School internet access improved student learning in Peru…but it took time!


Published 06.02.23
Photo credit:
Pierre Pouliquin/flickr

School-based internet access boosted test scores in Peru, but these effects took time to materialise

Technology has become increasingly prevalent in schools worldwide (World Bank 2018, Escueta et al. 2017, One Laptop per Child 2016, UNESCO 2012, Trucano 2016, International Telecommunication Union 2014).  The promise of boosting modern-day digital competencies, promoting interactive student-centred teaching models, and providing up-to-date learning materials even in remote areas has encouraged low- and-middle-income countries (LMICs) to invest considerably in Information and Communication Technologies (ICTs) in schools.

Among ICTs, the internet may have particularly important pedagogical uses in LMICs. Internet access can provide underserved students with otherwise unavailable sources of information (Levin and Arafeh 2002). Similarly, the internet can expand teachers’ access to references and teaching aids as well as their ability to share information among peers (Jackson and Makarin 2018, Purcell et al. 2013). However, as with many new technologies, benefits materialise only after a period of learning and adaptation, demonstrating the importance of understanding the dynamic effects of ICT interventions over time.

Using extended evaluation windows to capture the medium-run effects of ICTs

Few studies have rigorously evaluated the impact of the internet on student performance in LMICs. Though previous research in high-income countries has led to ambivalent conclusions on the effectiveness of home-based internet access as a learning input (Belo et al. 2014, Faber et al. 2015, Gibson and Oberg 2004, Goolsbee and Guryan 2006, Machin et al. 2007, Vigdor et al. 2014), school-based connectivity can be potentially more important in LMICs due to lower levels of teacher skills, larger class sizes, and limited access to other conventional inputs. 

Moreover, most prior studies of ICTs have been based on short-term evaluation windows and are only designed to detect somewhat immediate treatment effects. Such studies may overlook longer-term impacts that follow from an initial learning period, during which teachers, students, and administrators adapt to new technology. Hence, detecting gains in learning that could arise over such a learning period requires a longer evaluation window.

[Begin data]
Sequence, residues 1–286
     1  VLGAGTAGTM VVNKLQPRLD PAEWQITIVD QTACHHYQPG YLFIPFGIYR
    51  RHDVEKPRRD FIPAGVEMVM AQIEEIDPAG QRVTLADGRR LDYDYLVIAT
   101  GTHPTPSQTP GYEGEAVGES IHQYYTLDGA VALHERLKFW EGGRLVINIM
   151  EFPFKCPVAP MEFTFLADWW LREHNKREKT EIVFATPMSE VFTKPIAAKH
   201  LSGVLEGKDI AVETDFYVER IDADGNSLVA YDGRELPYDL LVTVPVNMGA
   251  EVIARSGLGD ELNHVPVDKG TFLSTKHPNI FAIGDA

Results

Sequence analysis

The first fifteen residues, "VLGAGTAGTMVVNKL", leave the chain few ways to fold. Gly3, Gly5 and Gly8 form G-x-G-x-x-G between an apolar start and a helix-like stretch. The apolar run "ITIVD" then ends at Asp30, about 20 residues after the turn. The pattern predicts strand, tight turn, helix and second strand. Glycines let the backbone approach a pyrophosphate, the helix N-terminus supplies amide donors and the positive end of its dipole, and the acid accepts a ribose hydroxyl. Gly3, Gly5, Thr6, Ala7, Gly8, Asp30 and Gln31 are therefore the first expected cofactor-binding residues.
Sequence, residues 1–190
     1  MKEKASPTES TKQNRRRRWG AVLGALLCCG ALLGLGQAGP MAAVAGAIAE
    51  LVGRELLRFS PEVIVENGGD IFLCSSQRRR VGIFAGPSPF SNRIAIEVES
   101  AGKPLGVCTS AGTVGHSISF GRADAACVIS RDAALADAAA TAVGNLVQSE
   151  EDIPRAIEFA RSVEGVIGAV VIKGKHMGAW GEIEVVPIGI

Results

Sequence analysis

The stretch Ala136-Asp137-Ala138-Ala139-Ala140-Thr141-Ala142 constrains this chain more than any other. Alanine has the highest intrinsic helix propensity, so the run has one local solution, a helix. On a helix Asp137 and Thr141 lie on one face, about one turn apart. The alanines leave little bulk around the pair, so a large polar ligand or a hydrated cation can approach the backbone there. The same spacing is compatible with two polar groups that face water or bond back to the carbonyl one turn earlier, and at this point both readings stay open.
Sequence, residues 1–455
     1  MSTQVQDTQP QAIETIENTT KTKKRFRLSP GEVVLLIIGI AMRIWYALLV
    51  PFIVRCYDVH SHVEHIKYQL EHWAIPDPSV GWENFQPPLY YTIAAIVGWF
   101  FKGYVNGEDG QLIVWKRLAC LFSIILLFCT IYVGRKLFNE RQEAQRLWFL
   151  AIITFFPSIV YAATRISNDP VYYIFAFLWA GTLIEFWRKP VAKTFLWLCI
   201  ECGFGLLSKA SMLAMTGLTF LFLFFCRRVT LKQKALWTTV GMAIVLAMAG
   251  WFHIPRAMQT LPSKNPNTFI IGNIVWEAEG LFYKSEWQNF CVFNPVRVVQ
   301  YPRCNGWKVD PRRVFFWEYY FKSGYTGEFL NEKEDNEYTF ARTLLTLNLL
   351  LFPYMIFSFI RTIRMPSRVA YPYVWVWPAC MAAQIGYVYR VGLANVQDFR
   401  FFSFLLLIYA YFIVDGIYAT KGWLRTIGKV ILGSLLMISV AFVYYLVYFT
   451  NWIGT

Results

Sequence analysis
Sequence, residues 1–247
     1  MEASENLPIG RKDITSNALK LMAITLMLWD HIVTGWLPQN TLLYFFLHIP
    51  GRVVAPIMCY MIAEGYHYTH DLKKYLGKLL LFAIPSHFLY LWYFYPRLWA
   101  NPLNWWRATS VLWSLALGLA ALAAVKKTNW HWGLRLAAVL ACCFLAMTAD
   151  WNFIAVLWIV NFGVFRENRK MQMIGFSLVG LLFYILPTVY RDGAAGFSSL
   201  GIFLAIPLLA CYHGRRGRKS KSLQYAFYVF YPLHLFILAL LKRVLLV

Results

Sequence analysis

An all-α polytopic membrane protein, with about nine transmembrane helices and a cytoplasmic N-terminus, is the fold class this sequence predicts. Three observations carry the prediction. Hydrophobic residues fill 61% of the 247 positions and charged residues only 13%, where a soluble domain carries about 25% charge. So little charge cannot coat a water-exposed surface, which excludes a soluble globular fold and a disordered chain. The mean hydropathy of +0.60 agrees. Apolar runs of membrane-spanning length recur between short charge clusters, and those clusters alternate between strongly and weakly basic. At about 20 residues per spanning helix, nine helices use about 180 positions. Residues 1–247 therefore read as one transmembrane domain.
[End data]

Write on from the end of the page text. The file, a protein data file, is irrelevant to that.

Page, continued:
In a recent paper (Lakdawala et al. 2022), we examine the impact of internet access on the performance of students who attended public primary schools in Peru that initially acquired internet between 2007 and 2020, or that remained unconnected by 2020.  Over this period, more than 11,300 schools (which jointly enrol about two million students per year) gained access to the internet, largely through a national program – Plan Huascarán – which prioritised providing internet connections to public schools. 

We link administrative data on school-based access to internet with students’ mathematics and reading scores from a large-scale national test that covers almost all second-graders in public schools in Peru between 2007 and 2016. We construct a panel dataset of around 23,300 schools, where we observe the scores of about 2.3 million second-grade students and use this dataset to study how test scores evolve before and after schools gain internet connections.  Our strategy relies on comparisons of cohorts that attended the same school, but in the years before and after that school was connected to the internet.

Internet connections at school lead to higher test scores for subsequent cohorts of students, as schools and teachers adapt to new technology

We find that internet access leads to modest test score improvements of 0.028 standard deviations in mathematics and 0.017 standard deviations in reading in the first year after installation (Figure 1).  In other words, cohorts that attended a school after it has been connected to the internet for about one year score 0.028 standard deviations higher on mathematics tests, relative to cohorts who attended the same school in the previous year.  This means that schools move up in the distribution of average test scores after they receive internet installations1.

Importantly, though this effect is small in the first year, it grows significantly over time, reaching 0.11 and 0.063 standard deviations five periods after installation for mathematics and reading respectively. That is, a second-grade student in a school that has had internet for five years performs 0.11 standard deviations better on mathematics tests than a second-grade student at the same school before internet has been installed. The trajectory of estimated effects implies that, over time, schools become more efficient at using the internet to improve students’ test scores.

Figure 1: Impact of internet access on test scores